There is no clear division between the hawala system and the formal financial sector. Hawaladars often keep accounts at banks and use wire transfer services to settle their balances with other hawaladars abroad. Due to limited bank branch networks, banks occasionally use hawalas to transmit funds to hard-to-reach areas within Afghanistan. Afghanistan’s financial intelligence unit, FINTRACA, reports that no MSBs or hawaladars have ever submitted suspicious transaction reports (STRs). Insurance companies and securities dealers are also technically under the regulatory regime and are required to file STRs, but the government does not enforce this requirement. Afghanistan should pass and enforce legislation to regulate financial institutions and designated non-financial businesses and professions and ensure their compliance with AML/CFT regulations. Afghanistan also should issue the necessary regulatory instruments to increase the number of MSB/hawala inspections, and expand implementation of the MSB/hawala licensing program. Afghanistan also should create an outreach program to notify and educate hawaladars about the licensing and STR filing processes. Dealers in precious metals and stones, lawyers, accountants, and real estate agents are not supervised in Afghanistan.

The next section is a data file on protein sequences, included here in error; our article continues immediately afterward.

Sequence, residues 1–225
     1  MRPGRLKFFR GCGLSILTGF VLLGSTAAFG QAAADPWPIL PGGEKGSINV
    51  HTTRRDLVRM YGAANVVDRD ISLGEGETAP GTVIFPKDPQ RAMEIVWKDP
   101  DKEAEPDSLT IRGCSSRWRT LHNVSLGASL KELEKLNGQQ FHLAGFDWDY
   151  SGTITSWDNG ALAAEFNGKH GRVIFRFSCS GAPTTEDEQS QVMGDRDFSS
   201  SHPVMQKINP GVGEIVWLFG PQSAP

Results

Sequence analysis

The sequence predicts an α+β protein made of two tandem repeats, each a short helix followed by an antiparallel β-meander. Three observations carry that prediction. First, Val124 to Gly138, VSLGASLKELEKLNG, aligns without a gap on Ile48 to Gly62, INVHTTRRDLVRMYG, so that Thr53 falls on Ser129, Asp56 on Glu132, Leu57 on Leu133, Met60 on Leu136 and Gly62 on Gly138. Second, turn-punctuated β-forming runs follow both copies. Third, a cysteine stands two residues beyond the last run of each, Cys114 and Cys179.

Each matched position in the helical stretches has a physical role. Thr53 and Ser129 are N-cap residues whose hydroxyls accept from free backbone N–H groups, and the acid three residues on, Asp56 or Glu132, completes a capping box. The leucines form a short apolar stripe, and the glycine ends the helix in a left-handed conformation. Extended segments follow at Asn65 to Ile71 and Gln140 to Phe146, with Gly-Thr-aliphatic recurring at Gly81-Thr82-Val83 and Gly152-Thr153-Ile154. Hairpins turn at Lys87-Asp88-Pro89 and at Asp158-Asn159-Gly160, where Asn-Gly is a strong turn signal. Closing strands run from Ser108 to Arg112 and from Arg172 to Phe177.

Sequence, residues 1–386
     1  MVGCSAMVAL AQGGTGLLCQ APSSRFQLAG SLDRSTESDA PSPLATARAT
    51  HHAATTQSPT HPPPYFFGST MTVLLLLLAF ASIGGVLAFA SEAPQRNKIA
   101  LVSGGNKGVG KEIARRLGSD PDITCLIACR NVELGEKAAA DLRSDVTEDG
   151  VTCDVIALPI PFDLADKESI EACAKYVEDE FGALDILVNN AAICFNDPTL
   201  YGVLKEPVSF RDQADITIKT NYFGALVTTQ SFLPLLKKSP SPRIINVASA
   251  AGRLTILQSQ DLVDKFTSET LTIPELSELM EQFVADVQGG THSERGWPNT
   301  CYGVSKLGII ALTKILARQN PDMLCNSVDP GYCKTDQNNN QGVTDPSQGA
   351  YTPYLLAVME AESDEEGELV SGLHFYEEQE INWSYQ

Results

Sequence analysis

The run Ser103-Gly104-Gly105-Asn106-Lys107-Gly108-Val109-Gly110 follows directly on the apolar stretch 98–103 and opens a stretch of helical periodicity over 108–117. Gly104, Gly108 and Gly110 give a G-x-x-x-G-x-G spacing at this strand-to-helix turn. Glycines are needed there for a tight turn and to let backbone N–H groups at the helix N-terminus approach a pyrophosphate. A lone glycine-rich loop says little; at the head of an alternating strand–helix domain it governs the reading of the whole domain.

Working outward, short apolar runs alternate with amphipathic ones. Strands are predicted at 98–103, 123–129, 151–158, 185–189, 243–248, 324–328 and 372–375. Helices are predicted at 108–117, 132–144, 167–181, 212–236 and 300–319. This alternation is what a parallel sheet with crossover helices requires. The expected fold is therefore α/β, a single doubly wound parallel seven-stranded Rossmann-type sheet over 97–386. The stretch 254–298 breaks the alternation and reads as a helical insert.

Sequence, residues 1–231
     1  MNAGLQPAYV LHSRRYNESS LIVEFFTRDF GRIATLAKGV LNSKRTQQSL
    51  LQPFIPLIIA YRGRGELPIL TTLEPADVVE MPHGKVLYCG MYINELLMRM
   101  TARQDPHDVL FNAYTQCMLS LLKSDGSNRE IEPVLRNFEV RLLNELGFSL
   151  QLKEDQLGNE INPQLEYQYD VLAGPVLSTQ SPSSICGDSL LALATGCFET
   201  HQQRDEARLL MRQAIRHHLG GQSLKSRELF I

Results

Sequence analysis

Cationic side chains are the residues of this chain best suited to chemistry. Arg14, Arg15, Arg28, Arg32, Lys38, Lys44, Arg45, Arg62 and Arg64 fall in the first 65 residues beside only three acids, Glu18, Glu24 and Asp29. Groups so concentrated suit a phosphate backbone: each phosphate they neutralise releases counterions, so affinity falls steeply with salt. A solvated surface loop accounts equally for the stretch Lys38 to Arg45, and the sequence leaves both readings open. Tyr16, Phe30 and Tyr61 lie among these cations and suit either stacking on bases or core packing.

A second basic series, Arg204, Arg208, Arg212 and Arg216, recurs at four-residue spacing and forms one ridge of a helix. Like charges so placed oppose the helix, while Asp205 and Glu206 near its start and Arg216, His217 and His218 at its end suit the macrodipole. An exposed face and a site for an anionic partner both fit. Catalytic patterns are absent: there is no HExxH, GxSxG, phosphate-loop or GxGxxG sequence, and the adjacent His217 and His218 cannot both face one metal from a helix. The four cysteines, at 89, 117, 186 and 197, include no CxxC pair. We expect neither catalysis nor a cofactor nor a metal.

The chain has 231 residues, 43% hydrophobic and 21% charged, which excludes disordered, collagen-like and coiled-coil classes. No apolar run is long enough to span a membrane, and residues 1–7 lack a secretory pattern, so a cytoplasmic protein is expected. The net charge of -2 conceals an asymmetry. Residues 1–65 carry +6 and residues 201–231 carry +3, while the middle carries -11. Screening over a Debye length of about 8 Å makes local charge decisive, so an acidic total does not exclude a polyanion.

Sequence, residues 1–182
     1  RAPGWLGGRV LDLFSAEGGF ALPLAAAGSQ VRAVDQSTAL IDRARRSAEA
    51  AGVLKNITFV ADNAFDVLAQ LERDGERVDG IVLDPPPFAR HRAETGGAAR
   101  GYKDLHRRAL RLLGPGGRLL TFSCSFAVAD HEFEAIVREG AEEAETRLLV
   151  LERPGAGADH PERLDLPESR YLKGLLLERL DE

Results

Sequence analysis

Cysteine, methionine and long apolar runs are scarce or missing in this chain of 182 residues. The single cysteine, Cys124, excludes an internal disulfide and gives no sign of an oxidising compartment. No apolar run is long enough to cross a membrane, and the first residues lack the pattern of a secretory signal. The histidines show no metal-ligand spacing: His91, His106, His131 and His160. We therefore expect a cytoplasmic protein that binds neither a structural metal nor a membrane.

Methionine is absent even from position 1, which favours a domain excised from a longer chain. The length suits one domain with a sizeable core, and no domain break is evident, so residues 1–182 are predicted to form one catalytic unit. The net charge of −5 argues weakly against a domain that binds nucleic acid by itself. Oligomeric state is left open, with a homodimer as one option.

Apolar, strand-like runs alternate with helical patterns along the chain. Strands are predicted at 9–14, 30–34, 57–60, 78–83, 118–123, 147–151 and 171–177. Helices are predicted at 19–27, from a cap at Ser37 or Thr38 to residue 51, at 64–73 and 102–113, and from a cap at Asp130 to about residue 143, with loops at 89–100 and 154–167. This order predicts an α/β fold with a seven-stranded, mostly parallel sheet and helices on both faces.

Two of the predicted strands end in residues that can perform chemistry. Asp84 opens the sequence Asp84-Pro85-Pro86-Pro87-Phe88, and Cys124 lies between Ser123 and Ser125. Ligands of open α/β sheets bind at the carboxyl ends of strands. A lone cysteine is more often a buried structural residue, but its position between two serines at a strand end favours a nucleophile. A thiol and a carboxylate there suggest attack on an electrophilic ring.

Border security continues to be a major challenge throughout Afghanistan, with the country’s 14 official border crossings under central government control. The Da Afghanistan Bank reports that approximately $3.7 million in cash left Afghanistan via Kabul International Airport in 2014. Approximately $83,200 left Afghanistan via Mazar-e Sharif International Airport in 2014. Tracking cash movements across borders or through airports has become increasingly difficult with implementation of an executive order that makes it illegal to take more than $20,000 out of the country, but eliminates the need to report outbound currency. Cargo is often exempted from any screening or inspection due to corruption at the border crossings and customs depots. Outside of official border crossings, most border areas are under-policed or not policed at all, and are particularly susceptible to cross-border trafficking, trade-based money laundering, and bulk cash smuggling. Kabul International Airport lacks stringent inspection controls for all passengers and includes a VIP lane that does not require subjects to undergo any inspections or controls. Afghanistan should strengthen inspection controls for airport passengers.